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Cyber Market Barometer Finds UK Consumers living in ‘Cyber Denial’ when it comes to online security

Significant numbers of UK consumers are failing to take the most basic online precautions according to new research from DAS UK Group, the UK’s leading legal expenses insurer, and HSB Engineering Insurance.

Although 88% of consumers claim to be confident when dealing with cyber security, they appear to be in ‘cyber denial’ with regards to protecting themselves. Nearly a quarter are failing to take even basic – and well-known – precautions such as using anti-virus software (23%) or ‘strong’ passwords (24%).

This is supported by other alarming statistics such as 34% not using different passwords on online accounts, 41% delaying before installing system updates, and, perhaps most surprisingly, 51% fail to regularly back-up their data.

The days of frantically scouring the keyboard to find the ‘Any’ key may have passed but there is also still widespread consternation when it comes to understanding some technology basics. Over half of consumers (54%) wouldn’t know how to check a website is genuine, opening themselves up to fraud, or the 63% of consumers who did not know that banks are not required to refund money that is transferred to fraudsters.

The ‘DAS Market Barometer: Cyber’ identified consumers’ level of confidence and knowledge of cyber security, their top cyber security concerns, and the types of precautions they take to protect themselves against cyber risks.

In terms of cyber security concerns, 90% of consumers are concerned about at least one aspect of cyber security. In particular, three quarters (75%) are concerned about identify theft, loss of personal data, online fraud, and their devices being infected by virus or malware. Two thirds (66%) of consumers – mostly younger adults and heavy social media users – tend to be more concerned about losing personal data, files or photos.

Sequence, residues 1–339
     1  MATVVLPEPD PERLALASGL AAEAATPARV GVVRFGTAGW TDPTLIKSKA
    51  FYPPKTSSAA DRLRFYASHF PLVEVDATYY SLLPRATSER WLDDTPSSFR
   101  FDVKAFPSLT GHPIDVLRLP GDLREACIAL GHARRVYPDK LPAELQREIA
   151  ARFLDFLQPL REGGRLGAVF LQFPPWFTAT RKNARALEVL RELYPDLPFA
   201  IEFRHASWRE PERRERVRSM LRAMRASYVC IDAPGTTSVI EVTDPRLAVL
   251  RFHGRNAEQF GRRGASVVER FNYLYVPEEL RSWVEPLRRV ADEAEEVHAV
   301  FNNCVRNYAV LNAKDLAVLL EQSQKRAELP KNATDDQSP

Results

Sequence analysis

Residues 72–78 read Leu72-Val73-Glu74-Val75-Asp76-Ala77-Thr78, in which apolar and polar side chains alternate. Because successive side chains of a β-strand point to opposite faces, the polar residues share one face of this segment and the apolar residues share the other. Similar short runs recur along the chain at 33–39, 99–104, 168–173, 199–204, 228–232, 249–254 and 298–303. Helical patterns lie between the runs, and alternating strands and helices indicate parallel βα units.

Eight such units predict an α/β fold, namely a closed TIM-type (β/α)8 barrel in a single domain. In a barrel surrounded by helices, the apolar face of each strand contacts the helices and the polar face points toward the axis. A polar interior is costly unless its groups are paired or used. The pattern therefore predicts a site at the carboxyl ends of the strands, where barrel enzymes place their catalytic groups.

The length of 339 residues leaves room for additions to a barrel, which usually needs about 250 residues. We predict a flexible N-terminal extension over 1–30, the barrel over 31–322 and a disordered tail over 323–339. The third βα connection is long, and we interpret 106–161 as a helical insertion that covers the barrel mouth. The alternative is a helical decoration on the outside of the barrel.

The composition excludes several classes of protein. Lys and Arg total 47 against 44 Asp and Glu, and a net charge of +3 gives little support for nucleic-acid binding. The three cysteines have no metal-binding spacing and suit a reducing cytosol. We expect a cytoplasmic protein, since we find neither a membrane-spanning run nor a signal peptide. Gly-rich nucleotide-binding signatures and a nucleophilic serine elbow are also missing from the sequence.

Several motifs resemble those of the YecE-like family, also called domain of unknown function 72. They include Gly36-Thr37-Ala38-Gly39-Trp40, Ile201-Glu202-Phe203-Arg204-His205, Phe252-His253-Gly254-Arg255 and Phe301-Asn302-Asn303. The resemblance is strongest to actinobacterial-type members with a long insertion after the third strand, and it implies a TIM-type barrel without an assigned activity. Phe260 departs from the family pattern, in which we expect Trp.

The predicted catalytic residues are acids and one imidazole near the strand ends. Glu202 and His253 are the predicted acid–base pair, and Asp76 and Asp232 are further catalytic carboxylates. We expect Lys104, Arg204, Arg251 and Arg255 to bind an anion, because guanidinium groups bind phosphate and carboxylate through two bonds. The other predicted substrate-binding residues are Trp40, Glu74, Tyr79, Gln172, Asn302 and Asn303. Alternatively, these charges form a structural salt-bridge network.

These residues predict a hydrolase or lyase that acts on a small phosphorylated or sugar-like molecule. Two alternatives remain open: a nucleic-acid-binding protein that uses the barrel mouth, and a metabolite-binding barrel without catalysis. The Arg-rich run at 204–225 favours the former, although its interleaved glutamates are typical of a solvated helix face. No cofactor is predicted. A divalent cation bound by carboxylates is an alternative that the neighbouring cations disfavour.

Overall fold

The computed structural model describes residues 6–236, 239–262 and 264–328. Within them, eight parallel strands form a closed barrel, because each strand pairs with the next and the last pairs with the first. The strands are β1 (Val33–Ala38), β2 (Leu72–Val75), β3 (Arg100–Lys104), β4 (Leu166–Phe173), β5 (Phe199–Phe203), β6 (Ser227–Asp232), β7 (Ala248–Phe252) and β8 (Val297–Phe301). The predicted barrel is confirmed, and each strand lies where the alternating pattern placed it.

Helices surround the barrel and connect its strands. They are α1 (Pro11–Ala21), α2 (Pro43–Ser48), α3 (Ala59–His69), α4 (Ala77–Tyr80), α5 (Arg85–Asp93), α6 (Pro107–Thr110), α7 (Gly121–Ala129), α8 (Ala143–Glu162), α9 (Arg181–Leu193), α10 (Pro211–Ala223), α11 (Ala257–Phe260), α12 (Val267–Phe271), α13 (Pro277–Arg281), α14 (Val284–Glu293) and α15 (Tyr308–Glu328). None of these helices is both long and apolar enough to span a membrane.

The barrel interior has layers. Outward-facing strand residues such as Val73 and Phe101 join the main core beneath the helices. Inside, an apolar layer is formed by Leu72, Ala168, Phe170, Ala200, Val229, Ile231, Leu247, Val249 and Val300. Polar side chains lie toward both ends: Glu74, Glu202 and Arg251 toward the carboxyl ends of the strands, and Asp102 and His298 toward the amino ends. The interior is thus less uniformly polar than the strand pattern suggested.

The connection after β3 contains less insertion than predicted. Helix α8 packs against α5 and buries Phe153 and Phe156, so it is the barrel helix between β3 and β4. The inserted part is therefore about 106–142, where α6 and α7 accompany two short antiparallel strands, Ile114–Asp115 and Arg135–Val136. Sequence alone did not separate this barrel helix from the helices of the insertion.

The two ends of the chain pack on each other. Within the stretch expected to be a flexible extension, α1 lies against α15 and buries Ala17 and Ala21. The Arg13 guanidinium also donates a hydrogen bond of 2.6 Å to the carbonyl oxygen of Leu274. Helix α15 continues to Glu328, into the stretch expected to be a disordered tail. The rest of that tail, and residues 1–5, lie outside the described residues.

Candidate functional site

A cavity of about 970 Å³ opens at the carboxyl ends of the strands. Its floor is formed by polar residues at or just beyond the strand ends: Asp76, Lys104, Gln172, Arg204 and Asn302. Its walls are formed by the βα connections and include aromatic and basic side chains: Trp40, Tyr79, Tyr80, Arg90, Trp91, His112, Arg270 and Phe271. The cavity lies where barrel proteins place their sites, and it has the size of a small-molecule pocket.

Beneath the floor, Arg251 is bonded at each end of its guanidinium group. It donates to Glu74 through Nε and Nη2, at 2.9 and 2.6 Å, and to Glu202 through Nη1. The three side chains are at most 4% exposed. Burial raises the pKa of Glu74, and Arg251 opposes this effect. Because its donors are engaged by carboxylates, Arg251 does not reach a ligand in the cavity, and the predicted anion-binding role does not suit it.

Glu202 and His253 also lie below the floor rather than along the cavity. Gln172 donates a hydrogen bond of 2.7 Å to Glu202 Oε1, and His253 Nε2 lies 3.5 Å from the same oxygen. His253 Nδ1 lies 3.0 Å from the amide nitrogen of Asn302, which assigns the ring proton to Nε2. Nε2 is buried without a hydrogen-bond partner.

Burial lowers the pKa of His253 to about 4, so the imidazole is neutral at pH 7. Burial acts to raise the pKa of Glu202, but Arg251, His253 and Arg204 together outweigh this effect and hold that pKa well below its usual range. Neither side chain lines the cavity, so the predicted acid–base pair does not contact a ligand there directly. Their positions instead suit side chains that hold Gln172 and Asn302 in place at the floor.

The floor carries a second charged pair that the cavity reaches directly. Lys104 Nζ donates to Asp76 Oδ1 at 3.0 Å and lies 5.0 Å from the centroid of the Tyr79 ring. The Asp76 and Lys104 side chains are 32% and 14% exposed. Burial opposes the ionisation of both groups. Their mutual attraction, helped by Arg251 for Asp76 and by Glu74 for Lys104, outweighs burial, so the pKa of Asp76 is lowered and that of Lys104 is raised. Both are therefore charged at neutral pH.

With regards to data privacy and use of social media, 49% of surveyed consumers did not know that social media sites can retain various rights over things people post which also makes it hard to ever completely delete or remove your ‘digital footprint’.

James Henderson, Managing Director Insurance UK & Ireland, DAS UK Group, said:“Cyber security regularly hits the headlines, from malware attacks to the theft of personal and financial information.  Our research has shown that whilst it seems that people are aware of the issue, they are still not taking the most basic precautions to protect themselves from this very real threat.  As the activities of fraudsters become more diverse, online users must take every opportunity to safeguard their personal information from what are often sophisticated criminal activities.”

“We also undertook this research as part of our own cyber development journey because we really wanted to understand how consumer attitudes and behaviour might affect the appropriateness of any cyber insurance solution. Our hypothesis, forged in a concern about some of the ‘mass market’ cyber products that have been launched recently, is that there might be an emerging gap between understanding, attitude and behaviours – and the results of our research certainly support this.

“Mis-selling risk would be a too strong statement to use right now, but we have identified that the consumer behaviour we call ‘cyber denial’ has the potential to invalidate the cover of many cyber policies, so you can see the potential problem on the horizon.”

Stephen Worrall, Managing Director, HSB Engineering Insurance commented: “The drive for convenience in our everyday lives has undoubtedly increased our reliance on technology and, as a result, heightened our vulnerabilities to cyber security risks.  The research shows that people are concerned about the personal information they are sharing online but are less motivated when it comes to employing the basic precautions they need to take to protect their data from cyber security risks.”

The DAS Market Barometer: Cyber (in conjunction with HSB) can be downloaded via www.dasinsurance.co.uk/barometer